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Oscar Round-Up: The Social Network Leads Buzz, Bullock vs. Lane, Renner's a Star

Thompson on Hollywood By Sophia Savage | Thompson on Hollywood October 14, 2010 at 7:02AM

As awards season heats up and the growing surge of Oscar pundits weigh in more frequently, every Thursday the Daily Read will round up their worthiest efforts. And every Friday, as usual, we post the Oscar Talk podcast: this week we welcome London Fest attendees Guy Lodge (In Contention) and Peter Knegt (indieWIRE).
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Thompson on Hollywood

As awards season heats up and the growing surge of Oscar pundits weigh in more frequently, every Thursday the Daily Read will round up their worthiest efforts. And every Friday, as usual, we post the Oscar Talk podcast: this week we welcome London Fest attendees Guy Lodge (In Contention) and Peter Knegt (indieWIRE).

- Movieline's Oscar Index monitors the ups and downs of the best picture oscar contenders given "carefully timed rating controversy and/or Oscar-qualifying run," i.e. Blue Valentine's NC-17 rating. (Their leading ten for best pic: The Social Network, The King's Speech, Black Swan, 127 Hours, True Grit, The Kids Are All Right, Inception, Toy Story 3, The Fighter, and For Colored Girls (Outsiders: Blue Valentine; The Way Back; Secretariat; Another Year and Made in Dagenham.) They put Natalie Portman and Jesse Eisenberg at the top of their best actor lists. David Fincher tops the best director category. And The King's Speech's Helena Bonham Carter and Geoffrey Rush top best supporting actress and actor, respectively.

Thompson on Hollywood


- Gold Derby also hails the The Social Networks's current frontrunner status - a piece of cake for a film that's killing it at the box office (for the moment). However, they suspect the period-drama-loving Academy will swoon for The King's Speech when it opens on November 26, and will take over the buzz that 127 Hours is bound to get following its November 5 release. Toy Story 3 has the support of many critics, who nudged last year's The Hurt Locker towards its statue. And don't forget Black Swan, Gold Derby says, "the most artistically daring flick of the year and also very sexy," which will heat up the screen December 1. (Their current list, counting down from the number one spot: The Social Network, The King's Speech, Toy Story 3, 127 Hours, True Grit, Black Swan, Inception, Hereafter, The Fighter and lastly, The Kids Are All Right.) They also post an underdog poll.

Thompson on Hollywood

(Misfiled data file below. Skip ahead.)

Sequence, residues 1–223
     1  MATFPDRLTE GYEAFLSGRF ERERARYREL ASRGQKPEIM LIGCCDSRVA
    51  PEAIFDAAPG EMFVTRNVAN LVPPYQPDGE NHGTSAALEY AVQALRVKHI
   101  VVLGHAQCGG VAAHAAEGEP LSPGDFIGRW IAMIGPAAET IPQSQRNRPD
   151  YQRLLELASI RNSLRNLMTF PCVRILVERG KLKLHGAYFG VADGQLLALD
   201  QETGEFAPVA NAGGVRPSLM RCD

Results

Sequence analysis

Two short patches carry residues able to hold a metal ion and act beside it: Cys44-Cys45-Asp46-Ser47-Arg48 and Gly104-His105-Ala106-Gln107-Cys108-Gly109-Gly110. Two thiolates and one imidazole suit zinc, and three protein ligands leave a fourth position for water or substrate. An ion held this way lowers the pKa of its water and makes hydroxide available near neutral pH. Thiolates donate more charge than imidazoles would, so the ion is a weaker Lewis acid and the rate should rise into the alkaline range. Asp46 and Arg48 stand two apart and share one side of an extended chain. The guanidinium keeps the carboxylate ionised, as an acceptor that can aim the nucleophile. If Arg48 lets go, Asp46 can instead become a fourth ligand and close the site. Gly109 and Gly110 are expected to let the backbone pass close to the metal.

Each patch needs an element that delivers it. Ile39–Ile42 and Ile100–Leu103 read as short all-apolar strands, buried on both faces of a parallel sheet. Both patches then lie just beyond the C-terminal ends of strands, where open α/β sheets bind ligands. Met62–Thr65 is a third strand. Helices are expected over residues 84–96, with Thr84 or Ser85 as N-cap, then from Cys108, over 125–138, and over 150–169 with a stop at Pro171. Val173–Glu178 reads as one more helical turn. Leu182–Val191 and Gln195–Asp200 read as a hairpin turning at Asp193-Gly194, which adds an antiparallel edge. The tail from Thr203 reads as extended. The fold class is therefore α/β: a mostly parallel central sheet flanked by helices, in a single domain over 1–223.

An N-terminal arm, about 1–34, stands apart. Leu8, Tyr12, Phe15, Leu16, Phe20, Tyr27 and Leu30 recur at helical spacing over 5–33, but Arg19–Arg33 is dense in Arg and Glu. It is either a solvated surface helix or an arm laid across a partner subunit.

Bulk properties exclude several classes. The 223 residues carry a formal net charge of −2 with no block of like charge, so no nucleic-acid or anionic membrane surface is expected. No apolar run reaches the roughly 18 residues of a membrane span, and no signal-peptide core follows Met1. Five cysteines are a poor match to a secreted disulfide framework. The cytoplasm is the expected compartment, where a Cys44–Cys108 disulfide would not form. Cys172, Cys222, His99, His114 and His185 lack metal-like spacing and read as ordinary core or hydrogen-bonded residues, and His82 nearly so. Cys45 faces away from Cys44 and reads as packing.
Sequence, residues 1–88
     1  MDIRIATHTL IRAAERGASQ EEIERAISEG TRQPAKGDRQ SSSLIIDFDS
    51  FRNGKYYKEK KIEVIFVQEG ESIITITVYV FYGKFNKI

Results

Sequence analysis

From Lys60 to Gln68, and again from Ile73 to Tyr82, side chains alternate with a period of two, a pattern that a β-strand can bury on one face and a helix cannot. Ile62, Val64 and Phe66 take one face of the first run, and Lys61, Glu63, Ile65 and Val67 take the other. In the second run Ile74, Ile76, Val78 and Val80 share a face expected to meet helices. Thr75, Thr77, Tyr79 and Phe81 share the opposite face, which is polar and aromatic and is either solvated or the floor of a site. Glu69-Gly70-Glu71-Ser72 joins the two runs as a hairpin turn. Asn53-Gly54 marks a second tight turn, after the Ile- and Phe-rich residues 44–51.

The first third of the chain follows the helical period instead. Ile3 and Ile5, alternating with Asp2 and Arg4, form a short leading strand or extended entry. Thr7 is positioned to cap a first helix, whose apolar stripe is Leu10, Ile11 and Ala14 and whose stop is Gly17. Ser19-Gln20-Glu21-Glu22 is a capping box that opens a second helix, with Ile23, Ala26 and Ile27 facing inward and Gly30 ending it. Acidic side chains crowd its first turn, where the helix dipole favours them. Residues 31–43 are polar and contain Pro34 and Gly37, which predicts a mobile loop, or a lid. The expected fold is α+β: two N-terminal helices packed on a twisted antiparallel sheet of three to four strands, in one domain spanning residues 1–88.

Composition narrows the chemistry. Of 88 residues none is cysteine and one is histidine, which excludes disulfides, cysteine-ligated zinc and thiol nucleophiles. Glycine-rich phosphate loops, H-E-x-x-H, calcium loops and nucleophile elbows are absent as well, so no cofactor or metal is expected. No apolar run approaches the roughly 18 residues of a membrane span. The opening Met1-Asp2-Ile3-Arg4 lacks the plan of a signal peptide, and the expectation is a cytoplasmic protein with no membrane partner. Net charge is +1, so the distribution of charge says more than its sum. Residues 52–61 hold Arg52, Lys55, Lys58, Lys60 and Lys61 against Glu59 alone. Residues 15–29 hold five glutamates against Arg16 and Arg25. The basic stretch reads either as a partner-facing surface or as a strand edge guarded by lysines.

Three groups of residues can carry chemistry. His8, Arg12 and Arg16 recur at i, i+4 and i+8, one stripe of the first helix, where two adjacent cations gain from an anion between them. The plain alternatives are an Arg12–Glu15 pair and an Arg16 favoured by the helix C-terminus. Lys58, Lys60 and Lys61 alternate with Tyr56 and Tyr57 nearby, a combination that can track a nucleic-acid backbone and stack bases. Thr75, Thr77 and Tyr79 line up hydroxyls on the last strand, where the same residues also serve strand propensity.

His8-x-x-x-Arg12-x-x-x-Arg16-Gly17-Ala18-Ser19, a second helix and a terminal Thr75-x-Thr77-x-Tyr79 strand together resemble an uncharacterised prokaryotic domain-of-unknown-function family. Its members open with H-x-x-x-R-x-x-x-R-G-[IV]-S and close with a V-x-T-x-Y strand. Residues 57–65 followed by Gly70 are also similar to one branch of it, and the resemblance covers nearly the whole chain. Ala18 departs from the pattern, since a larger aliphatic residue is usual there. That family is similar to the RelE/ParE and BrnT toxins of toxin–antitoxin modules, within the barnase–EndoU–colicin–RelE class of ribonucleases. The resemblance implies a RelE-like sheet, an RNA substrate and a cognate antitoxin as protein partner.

- Meanwhile, Pete Hammond is calling Secretariat this year's The Blind Side. You know, a feel-good film toplined by a woman and based on a true story. One difference: Diane Lane is no stranger to awards talk - Sandra Bullock was. So far the film has mixed reviews: generally good but not excellent. People like horses and true stories, and they loved Secretariat director Randall Wallace's script for 1995 best pic winner Braveheart. But 2004's Seabiscuit was nominated for seven Oscars, winner of none - with better reviews than Secretariat (77% vs. 63% on the Tomatometer). We should, however, keep an eye on Diane Lane, who lost to Nicole Kidman (The Hours) in the 2003 best actress race for her role in Unfaithful--a far cry from this Disney family fare.

- If any category is likely to be blindsided it'll be the best foreign language film race, the "one area of the Oscars" that indieWIRE's Anthony Kaufman "feels compelled to predict." Here are his five guesses for the hardest-to-predict category: Life, Above All (South Africa), Biutiful (Mexico), Of Gods and Men (France), The First Beautiful Thing (Italy), and Uncle Boonmee Who Can Recall His Past Lives (Thailand). TOH lists four of those five in our analysis of the foreign Oscar race.

- And in case you've forgotten the difference an Oscar can make, The National would like to remind you that Jeremy Renner has gone from being an unknown to a star in approximately eight months - The Hurt Locker won on February 22, 2009, and now he's starring across from Ben Affleck in The Town and soon, Tom Cruise in Mission: Impossible 4. The National notes that Renner has been compared to Sean Penn, but "internalizes his performances more." Renner is attracted to "on-edge" characters, he says: "I certainly command a certain complicated character." He wants to avoid being typecast, though: "There's not a lot of creativity in Hollywood...Whatever you do is repeated, so it's my responsibility as an artist to avoid that."

This article is related to: Awards, Box Office, Directors, Genres, Headliners, Hollywood, Stuck In Love, Daily Read, Media, Oscars, Kathryn Bigelow, David Fincher, Chris Nolan, Darren Aronofsky, Tom Hooper, Drama, Biopics, Natalie Portman, Nicole Kidman, Colin Firth, Critics


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Born and raised in Manhattan, Anne Thompson grew up going to the Thalia and The New Yorker and wound up at grad Cinema Studies at NYU. She worked at United Artists and Film Comment before heading west as that magazine's west coast editor. She wrote for the LA Weekly, Sight and Sound, Empire, The New York Times and Entertainment Weekly before serving as West Coast Editor of Premiere. She wrote for The Washington Post, The London Observer, Wired, More, and Vanity Fair, and did staff stints at The Hollywood Reporter and Variety. She eventually took her blog Thompson on Hollywood to Indiewire. She taught film criticism at USC Critical Studies, and continues to host the fall semester of “Sneak Previews” for UCLA Extension.